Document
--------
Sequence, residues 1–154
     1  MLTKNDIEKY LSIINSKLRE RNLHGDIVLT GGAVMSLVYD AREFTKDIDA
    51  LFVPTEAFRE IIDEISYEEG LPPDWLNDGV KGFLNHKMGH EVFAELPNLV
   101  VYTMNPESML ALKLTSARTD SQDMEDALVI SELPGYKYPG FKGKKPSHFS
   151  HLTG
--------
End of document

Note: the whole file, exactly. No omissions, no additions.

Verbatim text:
Sequence, residues 1–154
     1  MLTKNDIEKY LSIINSKLRE RNLHGDIVLT GGAVMSLVYD AREFTKDIDA
    51  LFVPTEAFRE IIDEISYEEG LPPDWLNDGV KGFLNHKMGH EVFAELPNLV
   101  VYTMNPESML ALKLTSARTD SQDMEDALVI SELPGYKYPG FKGKKPSHFS
   151  HLTG